Chapter 28: Market Day
By Whitney Emeigh
People bustled across the square in clumps. A few vendors called out in vain attempts to get people to come and look at their wares before they were good and ready to. Market day in Swynton was the weekly social event everyone looked forward to. People spruced up their nicest things and took to the square both to shop and to be seen.
Adette too had her own basket tucked in the crook of her arm. She had braved the market several times since moving outside of Swynton, but today she could feel more than just the usual amount of attention. Her recent visits seemed to have taken some of the stigma away from her presence. A few children stared up at her and weren’t immediately admonished by their mothers.
Finally, the attention got the better of her. Adette took off across the well traveled grass towards the bustling bakery. She avoided the busy front step and went immediately around to the back of the building. The basket hung from her clutched hands. Outside the back doorway, Adette swayed nervously back and forth on her feet. Lana had said to meet her here, but now she felt a bit creepy hanging around the back.
The door burst open. Smells of bread and pastries rolled out of the back door in a humid wave. On its crest came Lana. She’d put on her best dress, but had missed a few splotches of flour on her face. Adette forgot her awkwardness completely and started to laugh. Lana stopped dead in front of the doorway.
“Where is it?” she demanded while she pulled the back door shut.
“Upper right cheek, just below the middle of your bottom lip, and your hairline just above your left temple,” Adette reported dutifully. Lana dug in a pocket hidden in the side of her skirt and produced a large, clean handkerchief. She began to rub vigorously at the various flour spots until she judged they had to be gone. Her hand lowered but the handkerchief didn’t disappear. Lana leveled a very meaningful look at Adette.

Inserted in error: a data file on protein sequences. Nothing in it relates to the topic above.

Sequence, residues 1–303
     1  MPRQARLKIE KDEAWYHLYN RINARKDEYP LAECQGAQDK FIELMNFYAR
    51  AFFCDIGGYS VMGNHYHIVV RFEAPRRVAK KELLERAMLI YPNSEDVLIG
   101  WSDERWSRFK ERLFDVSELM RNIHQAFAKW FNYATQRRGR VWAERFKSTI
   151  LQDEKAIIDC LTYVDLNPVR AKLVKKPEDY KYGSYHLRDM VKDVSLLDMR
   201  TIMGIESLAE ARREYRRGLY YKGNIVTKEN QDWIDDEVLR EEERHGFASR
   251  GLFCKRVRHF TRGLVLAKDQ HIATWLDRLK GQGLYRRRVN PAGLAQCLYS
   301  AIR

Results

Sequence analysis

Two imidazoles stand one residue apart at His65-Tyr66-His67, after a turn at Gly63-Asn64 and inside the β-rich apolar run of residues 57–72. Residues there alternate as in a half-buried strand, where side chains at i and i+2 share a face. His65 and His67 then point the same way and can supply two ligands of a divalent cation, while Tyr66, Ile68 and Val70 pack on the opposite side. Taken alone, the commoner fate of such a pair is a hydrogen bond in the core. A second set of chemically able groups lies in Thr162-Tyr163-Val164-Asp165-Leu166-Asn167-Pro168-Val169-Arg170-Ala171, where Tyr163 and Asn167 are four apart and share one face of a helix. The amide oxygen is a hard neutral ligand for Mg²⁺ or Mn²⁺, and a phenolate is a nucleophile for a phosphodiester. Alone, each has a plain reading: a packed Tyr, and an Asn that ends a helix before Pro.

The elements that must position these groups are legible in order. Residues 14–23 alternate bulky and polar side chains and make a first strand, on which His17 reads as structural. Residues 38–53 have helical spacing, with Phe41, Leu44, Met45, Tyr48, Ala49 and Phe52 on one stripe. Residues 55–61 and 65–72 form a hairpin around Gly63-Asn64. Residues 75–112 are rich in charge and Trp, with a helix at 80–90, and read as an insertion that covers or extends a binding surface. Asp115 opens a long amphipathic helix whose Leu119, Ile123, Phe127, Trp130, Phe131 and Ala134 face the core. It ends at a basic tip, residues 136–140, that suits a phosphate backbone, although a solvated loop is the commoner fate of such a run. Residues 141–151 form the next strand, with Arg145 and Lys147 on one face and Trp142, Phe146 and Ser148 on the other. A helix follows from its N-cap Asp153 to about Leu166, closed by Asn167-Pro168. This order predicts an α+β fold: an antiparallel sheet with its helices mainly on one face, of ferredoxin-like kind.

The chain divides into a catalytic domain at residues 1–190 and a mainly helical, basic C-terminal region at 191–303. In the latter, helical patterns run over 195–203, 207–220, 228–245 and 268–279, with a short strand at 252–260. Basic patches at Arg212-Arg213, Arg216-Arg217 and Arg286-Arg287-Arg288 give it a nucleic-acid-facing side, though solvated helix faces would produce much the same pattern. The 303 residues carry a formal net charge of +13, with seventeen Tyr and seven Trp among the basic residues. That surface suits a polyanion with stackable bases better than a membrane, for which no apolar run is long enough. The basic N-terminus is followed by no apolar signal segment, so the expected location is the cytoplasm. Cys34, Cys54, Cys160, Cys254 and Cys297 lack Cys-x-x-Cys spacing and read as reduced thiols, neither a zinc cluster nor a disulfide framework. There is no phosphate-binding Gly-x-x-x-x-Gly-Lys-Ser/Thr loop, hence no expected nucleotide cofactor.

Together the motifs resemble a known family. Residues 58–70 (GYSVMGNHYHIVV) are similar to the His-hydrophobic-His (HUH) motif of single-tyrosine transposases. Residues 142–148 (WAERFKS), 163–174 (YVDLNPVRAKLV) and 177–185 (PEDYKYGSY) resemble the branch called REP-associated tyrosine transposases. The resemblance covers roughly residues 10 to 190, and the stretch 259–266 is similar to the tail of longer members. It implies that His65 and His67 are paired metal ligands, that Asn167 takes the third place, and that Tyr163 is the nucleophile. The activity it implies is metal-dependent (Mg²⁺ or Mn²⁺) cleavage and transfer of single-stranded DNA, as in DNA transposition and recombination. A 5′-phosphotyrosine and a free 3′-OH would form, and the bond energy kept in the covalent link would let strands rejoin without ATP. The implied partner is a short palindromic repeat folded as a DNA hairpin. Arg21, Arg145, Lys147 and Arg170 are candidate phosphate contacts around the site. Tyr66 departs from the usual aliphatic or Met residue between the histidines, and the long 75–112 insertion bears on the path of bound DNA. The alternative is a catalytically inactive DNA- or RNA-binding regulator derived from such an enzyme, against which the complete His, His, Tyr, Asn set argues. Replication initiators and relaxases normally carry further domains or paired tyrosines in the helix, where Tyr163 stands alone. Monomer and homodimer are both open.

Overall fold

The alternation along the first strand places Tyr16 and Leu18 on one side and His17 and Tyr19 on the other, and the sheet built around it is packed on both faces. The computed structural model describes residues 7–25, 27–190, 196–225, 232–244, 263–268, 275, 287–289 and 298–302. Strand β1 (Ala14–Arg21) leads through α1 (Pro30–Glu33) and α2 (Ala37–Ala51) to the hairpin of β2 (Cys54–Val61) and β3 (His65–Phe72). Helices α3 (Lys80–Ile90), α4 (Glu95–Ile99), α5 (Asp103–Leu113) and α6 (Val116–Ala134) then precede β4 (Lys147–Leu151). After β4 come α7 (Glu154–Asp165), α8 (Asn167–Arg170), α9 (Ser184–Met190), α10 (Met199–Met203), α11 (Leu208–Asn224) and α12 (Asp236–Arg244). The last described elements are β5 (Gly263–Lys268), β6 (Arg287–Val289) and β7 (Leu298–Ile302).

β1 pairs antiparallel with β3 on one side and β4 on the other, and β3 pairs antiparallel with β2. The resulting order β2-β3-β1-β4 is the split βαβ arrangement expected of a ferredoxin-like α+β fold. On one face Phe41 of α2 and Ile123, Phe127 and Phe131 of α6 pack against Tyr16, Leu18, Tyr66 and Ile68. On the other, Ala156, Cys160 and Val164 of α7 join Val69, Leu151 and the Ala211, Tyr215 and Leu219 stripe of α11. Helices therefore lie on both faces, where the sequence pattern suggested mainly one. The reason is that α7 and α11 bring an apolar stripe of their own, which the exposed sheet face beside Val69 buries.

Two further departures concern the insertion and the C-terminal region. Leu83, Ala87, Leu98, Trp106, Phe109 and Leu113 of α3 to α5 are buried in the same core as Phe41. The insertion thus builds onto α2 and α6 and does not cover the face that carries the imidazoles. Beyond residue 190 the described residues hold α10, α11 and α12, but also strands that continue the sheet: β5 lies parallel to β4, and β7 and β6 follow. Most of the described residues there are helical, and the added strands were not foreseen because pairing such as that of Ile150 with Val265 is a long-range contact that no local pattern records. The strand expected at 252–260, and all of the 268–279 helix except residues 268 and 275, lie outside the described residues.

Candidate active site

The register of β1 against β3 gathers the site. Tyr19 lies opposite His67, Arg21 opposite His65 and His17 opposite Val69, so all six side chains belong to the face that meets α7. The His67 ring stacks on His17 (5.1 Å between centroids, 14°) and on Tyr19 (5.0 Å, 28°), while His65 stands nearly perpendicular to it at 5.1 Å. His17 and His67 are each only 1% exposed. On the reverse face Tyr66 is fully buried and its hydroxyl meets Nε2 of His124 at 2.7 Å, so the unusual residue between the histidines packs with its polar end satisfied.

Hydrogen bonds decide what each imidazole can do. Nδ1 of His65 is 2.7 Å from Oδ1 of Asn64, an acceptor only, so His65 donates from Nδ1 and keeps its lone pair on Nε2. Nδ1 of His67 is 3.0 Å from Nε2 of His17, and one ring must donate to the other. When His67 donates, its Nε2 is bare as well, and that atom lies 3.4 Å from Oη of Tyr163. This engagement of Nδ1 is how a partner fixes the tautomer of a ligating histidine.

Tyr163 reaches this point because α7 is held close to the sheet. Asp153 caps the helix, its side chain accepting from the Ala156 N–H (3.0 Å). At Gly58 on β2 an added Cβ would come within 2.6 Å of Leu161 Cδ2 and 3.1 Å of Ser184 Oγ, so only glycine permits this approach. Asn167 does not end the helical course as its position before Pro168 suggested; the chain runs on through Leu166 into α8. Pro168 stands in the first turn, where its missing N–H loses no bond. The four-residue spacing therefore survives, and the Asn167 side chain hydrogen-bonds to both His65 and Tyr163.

“You’ve gotten it all.” Lana nodded and thrust the handkerchief back into the pocket from which it had come.
“Good. I’m ready then. Have you bought or sold anything yet?” Lana peered at Adette’s basket.
“No. I thought it would be best to wait for you. You’re more likely to know if people are being fair or not.” Lana smiled knowingly.
“That I am. You’ll not be cheated on your produce today, Adette.” The pair smirked and started back toward the square, which had grown busier still since Adette had come.
“Thank God. I suspect I’ve already lost some money,” Adette grumbled.
“That is how all small towns work, you know. They have to have a bit of your money before they get to know you. Once they get to know you, they don’t feel right being anything less than fair. Let’s call it a newcomer’s tax.”
“Well, then I suppose it’s a good thing I ran into you. Otherwise, I suspect I might have been taxed for a very long time.” Lana turned to look at Adette. She stopped and then burst into laughter.
“You might be right there, Adette. Hmm…” Lana paused staring at Adette. She stared long enough in silence that Adette began to grow nervous again. She’d just made up her mind to say something when Lana broke the silence again. “You know. Your name is a bit awkward to say. I think you need a nickname.”
Adette stared. She wasn’t sure whether to feel complimented or insulted. No one, other than teachers or her few school friends, had bothered using her name, and they’d all been far too formal to think of using a nickname.
“How about Dette?” Adette turned and lifted an eyebrow. “I’ll take that as a no. Hmm…I know! I’m calling you Addy.”
“You really don’t need to…”
“Nope. I’ve already made up my mind,” Lana said with a smirk. “You’ll be Addy to me for as long as you’re my friend.”
“Well, thanks.” Adette hoped her hesitance didn’t show. She wasn’t one for nicknames.